Rewilding North America
The Wildlands Project was started in 1991 by a group of scientists and environmental activists who believe that existing parks, wildernesses, and reserves are failing to protect the native plants and animals of North America. The Wildlands Project combines science and advocacy to create and implement a vision for a healthy landscape in North America. Aldo Leopold, a co-founder of the Wilderness Society, developed the metaphor of land health. In Sand County Almanac he wrote "Health is the capacity of the land for self renewal. Conservation is our effort to understand and preserve this capacity."
The Sky Islands Wilderness Network plan is the first fruit of the Wildlands Project. The Sky Islands are a group of mountain ranges in southern New Mexico, Arizona, and northern Mexico that are isolated from each other by intervening valleys of grasslands and deserts. This area, roughly the size of the state of Illinois, is relatively undeveloped and still has much of its original diversity. The extraordinary biological diversity of the Sky Islands occurred in part because this is the meeting point of temperate North America and the subtropics. The jaguar is gone from most of its former range in the U.S. as is the thick billed parrot, but there are still 104 species of mammals in the area, 2,500 species of flowering plants, and more than one half of all the species of birds in North America.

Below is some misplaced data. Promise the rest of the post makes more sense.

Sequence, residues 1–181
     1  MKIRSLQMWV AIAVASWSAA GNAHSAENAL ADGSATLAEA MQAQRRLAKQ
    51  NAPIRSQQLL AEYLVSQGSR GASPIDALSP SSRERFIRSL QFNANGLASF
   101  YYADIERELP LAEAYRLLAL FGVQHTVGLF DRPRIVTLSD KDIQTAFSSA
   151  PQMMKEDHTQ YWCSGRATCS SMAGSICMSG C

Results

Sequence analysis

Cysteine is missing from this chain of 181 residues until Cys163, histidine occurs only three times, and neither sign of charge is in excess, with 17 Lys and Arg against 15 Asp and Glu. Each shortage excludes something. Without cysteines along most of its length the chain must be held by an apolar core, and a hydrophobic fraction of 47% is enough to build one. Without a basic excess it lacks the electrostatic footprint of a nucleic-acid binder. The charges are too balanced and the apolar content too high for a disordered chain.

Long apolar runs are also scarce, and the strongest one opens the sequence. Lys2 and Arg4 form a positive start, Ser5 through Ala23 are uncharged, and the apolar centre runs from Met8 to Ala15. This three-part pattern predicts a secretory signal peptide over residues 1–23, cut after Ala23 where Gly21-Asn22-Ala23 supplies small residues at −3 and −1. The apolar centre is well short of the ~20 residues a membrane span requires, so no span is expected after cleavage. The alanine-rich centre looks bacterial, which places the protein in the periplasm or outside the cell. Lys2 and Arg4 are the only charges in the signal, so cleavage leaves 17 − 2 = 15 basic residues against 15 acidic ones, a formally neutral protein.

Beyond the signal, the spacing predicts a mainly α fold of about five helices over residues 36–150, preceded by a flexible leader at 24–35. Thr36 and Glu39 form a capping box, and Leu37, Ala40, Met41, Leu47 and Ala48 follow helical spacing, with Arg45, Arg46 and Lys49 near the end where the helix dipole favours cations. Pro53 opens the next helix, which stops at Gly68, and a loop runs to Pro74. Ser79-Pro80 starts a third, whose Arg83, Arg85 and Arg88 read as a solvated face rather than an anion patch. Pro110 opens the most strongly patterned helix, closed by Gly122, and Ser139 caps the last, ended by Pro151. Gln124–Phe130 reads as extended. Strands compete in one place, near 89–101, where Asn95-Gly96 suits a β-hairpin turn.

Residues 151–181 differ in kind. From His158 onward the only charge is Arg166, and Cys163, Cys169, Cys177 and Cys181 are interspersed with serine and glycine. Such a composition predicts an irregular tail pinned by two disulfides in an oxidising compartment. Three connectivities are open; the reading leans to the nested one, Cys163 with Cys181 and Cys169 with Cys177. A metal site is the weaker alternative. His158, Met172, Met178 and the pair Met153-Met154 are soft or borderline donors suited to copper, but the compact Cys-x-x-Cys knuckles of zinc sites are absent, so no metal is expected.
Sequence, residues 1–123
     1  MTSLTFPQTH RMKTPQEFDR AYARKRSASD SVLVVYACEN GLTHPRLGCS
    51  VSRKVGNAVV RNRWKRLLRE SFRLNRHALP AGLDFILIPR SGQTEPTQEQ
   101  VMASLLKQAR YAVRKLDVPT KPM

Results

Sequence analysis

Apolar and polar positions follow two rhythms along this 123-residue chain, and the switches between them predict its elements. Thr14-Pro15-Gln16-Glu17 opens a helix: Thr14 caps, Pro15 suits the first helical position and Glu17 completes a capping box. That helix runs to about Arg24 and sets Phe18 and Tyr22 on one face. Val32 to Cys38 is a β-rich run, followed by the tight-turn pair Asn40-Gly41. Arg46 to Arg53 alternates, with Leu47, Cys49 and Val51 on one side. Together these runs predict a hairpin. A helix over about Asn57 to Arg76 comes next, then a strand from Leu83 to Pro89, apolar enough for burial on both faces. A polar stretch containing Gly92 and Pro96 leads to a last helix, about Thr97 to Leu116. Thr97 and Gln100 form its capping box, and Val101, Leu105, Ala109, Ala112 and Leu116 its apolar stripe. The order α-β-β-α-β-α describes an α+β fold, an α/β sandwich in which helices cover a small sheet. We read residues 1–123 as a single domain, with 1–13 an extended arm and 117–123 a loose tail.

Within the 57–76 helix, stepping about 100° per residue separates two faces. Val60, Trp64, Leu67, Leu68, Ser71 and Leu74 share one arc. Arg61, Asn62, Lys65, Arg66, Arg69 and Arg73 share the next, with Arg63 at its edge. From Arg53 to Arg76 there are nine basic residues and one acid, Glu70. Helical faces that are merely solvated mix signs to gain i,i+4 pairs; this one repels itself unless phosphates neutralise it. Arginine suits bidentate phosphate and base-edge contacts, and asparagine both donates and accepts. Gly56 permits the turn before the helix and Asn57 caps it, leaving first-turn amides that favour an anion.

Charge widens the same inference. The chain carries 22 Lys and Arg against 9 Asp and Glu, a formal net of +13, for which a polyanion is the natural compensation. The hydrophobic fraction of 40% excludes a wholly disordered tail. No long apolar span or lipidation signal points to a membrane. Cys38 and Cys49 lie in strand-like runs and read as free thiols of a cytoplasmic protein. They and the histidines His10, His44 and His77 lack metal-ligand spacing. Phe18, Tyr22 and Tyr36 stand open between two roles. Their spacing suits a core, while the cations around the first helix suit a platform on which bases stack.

The Sky Islands Network plan is to enlarge and connect wild areas in order to restore ecological function; that is, to allow plants and animals in protected core areas to exchange individuals (and genes) with nearby core areas. We spoke with Dave Forman, a co-founder of the Wildlands Project, about the Sky Islands initiative.